“Magandang Kinabukasan! ”Joie, Roots of Health’s staff person’s enthusiastic greeting resonates throughout our office in San Pedro as we tune in on Saturday afternoon for UsapangK (Talk K), Roots of Health’s latest media outreach initiative.
In many small communities on the island of Palawan, where the rate of maternal mortality and teenage pregnancy are some of the highest in the country, access to information and care regarding sexual and reproductive health is exceptionally limited. Due to mountainous terrain, a lack of electricity and poor communication infrastructure, villages outside of the city are often isolated and disconnected from the resources and information that flow into Puerto Princesa City and other urban centers. Many villages continue to rely on informal information structures and the radio for the majority of their news. In response to this information crisis, Roots of Health has skillfully developed one particularly innovative strategy for carrying out our vision of self-reliant women, young people and families living healthy reproductive lives: a radio show.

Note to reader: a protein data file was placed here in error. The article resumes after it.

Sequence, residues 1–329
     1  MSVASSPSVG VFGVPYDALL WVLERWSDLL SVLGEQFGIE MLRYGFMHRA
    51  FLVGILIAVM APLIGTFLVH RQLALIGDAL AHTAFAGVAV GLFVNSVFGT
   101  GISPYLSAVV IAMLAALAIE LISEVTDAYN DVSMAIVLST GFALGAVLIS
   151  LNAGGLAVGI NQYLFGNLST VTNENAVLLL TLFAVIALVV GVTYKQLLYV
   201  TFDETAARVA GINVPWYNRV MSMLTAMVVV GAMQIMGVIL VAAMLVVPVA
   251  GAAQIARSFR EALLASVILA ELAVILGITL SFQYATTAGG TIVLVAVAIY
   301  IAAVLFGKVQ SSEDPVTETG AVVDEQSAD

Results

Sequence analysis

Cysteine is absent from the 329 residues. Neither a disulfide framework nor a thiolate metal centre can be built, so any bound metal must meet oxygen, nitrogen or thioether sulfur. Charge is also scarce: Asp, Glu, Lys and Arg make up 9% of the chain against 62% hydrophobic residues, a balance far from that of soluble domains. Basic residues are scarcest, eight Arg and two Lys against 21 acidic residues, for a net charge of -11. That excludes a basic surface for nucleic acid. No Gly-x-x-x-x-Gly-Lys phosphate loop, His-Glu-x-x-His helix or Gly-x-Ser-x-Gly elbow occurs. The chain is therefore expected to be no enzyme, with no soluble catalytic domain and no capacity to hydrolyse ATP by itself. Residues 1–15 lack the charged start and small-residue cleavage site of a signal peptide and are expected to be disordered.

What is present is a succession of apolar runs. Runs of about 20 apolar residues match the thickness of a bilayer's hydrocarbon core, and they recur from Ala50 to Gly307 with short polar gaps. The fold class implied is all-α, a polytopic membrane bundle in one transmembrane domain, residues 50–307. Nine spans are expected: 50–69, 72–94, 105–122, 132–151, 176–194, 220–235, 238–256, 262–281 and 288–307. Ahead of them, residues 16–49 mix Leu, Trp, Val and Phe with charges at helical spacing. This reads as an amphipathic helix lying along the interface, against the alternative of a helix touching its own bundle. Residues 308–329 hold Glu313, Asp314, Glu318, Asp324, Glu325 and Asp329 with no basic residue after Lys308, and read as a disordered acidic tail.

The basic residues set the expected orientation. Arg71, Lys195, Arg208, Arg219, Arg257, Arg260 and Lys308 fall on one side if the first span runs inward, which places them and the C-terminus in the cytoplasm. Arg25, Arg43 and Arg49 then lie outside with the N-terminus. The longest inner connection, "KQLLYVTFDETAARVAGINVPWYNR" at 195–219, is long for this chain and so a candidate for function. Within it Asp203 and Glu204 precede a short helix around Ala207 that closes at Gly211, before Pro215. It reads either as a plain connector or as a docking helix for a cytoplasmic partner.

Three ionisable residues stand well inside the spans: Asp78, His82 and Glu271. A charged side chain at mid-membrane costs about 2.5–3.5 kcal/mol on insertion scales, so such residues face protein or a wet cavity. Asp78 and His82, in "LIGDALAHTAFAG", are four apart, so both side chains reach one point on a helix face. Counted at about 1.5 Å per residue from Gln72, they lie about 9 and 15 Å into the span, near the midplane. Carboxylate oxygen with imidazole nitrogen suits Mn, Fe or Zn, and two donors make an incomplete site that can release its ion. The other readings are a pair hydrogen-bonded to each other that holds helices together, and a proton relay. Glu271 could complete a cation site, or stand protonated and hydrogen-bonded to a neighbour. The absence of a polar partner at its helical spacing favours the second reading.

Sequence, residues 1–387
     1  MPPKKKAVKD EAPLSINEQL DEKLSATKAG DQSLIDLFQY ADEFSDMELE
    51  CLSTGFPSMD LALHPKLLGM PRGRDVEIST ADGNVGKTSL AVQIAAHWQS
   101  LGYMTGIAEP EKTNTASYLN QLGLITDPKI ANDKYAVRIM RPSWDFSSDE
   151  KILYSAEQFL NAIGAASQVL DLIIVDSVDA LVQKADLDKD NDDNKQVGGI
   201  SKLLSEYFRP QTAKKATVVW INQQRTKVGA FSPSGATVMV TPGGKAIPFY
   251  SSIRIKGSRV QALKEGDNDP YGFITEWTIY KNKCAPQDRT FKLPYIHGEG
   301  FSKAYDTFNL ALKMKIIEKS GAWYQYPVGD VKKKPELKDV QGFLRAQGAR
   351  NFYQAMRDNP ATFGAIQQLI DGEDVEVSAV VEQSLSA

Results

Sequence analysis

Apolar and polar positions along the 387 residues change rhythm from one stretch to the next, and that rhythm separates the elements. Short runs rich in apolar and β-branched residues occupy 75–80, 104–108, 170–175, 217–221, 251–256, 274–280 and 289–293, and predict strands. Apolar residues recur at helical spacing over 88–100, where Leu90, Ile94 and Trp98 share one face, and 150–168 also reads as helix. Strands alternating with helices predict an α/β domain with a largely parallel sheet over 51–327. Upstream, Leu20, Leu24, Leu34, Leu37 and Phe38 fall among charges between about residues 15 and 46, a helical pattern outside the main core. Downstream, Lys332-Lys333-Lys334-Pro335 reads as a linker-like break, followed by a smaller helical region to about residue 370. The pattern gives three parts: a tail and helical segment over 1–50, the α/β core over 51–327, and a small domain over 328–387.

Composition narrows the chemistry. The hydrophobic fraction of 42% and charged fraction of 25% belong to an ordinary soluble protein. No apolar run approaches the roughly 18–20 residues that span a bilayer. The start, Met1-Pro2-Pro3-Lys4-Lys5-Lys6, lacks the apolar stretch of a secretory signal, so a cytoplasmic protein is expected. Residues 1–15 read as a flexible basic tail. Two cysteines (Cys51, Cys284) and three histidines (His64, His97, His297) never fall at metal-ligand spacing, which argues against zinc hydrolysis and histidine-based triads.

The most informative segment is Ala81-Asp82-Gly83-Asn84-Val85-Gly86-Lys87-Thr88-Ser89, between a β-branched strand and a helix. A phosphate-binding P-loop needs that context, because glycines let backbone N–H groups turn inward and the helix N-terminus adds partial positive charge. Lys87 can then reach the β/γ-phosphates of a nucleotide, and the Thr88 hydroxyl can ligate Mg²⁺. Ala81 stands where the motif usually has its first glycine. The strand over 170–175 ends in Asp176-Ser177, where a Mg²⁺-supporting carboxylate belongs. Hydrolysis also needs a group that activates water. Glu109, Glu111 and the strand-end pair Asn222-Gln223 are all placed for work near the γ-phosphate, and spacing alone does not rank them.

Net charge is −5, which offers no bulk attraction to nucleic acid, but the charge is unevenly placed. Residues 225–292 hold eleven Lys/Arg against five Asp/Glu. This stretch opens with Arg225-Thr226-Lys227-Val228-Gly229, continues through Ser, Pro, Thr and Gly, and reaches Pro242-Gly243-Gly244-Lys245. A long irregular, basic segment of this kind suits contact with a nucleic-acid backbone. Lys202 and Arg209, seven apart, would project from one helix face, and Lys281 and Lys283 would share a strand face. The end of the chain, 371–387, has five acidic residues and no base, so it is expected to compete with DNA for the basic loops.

In February 2015, we debuted our radio program, Usapang K, (Talk K), a talk show with the aim of educating young people on relevant topics such as HIV/AIDS, relationships, teen pregnancy, and finding gainful employment. Acknowledging that a comprehensive sexuality education extends beyond the birds and the bees, our show writers address topics such as gender roles, relevant reproductive health legislation, and substance abuse in addition to safe sex and family planning. Directed and scripted by our staff with young community members providing input and content, the radio show provides a fantastic example of how young people can be actively involved in promoting reproductive health. Talking about sex in the Philippines is taboo – sexual health can be a sensitive topic and young people are often worried about the social stigma or embarrassment associated with discussing sex and contraception with relatives or partners. By discussing such topics in an open, honest, non-judgemental manner, we give young people information they can identify with and understand, and help inform them of the options available to them. This is crucial in a country where myths and misconceptions surrounding reproductive health are real obstacles to young people accessing services. Usapang K is a prime example of how reproductive health organizations can expand their delivery channels to engage young people to help raise awareness of sexual and reproductive healthcare in hard-to-reach communities.